New tool to combat catalytic converter thefts
Officers in Lutterworth have been giving out free marking kits to owners of vehicles thought to be at risk, reports the Lutterworth Mail.Catalytic converters have been fitted in the majority of petrol...
Catalytic converters have been fitted in the majority of petrol cars made since 1992. They considerably reduce harmful pollutants from a vehicle's exhaust.
Catalytic converter theft is a growing problem. Thieves are increasingly targeting them because of the high value of the precious metals – platinum, palladium and rhodium – they contain.
The credit crunch and rising price of precious metals have only served to exacerbate the problem.
It is hoped the new marking kit being rolled out in Littleborough will allow their owners to get long term use out of their cars' converters, allowing them to send the devices off for scrap or catalytic converter recycling towards the end of their lifecycle.
In Littleborough, thieves struck eight vehicles in one night, between Saturday June 16thand Sunday June 17th.
The anti-theft kits contain a stencil a little bottle of an acidic substance which is painted onto the converter and marks it.
Sergeant Peter Jelbert, of Lutterworth police, told the Lutterworth Mail: "The kits we have can be taken to a garage and they mark the catalytic converter with an etching which means it can be traced to the owner if it is recovered.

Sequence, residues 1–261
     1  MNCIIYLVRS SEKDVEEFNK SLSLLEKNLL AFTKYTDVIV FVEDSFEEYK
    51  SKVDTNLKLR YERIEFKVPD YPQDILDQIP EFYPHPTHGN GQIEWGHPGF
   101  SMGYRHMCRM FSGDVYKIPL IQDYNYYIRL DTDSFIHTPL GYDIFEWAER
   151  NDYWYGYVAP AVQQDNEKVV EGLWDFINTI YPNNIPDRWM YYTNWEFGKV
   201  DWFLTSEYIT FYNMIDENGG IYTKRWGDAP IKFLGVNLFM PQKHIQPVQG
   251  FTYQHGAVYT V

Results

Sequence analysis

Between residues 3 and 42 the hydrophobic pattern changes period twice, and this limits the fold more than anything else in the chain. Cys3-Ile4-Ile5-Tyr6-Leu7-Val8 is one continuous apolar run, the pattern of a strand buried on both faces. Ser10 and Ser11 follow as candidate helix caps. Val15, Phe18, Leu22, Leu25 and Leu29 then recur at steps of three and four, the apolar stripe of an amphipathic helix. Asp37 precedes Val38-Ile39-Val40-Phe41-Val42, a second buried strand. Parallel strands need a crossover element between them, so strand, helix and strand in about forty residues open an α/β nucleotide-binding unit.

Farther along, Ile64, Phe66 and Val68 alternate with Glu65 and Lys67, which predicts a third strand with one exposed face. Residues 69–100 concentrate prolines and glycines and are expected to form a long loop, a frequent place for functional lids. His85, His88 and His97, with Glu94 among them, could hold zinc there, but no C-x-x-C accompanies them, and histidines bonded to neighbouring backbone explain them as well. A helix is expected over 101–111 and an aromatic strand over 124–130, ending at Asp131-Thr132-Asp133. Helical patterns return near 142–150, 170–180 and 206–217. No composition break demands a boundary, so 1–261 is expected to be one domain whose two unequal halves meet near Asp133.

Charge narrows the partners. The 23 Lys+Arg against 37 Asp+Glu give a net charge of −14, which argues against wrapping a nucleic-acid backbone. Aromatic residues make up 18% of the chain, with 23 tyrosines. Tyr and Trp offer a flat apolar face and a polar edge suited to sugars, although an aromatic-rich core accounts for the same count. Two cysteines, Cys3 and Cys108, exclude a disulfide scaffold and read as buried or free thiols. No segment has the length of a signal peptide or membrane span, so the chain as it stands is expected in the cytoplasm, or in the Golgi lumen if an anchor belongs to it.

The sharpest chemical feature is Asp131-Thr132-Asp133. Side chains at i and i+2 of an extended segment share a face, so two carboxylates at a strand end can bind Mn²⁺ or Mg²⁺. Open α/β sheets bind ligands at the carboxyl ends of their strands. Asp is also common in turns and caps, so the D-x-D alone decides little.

"The thieves normally target 4x4 vehicles, because the catalytic converter is more easily accessible on those – but more recently they seem to be even targeting specific models of 4x4 vehicles.
"They normally use power tools to remove the devices, as it can be done fairly quickly, so we would urge owners of 4x4s to be vigilant and, if possible, park their vehicles in well-lit areas."
The kits are free, although they can be bought once supplies at the police station are exhausted.
Recently it was reported that metal thefts – including catalytic converters – in Sussex have almost quadrupled in two years.
Figures released by police shows there were 1,748 cases reported in 2011 compared to 472 in 2009.
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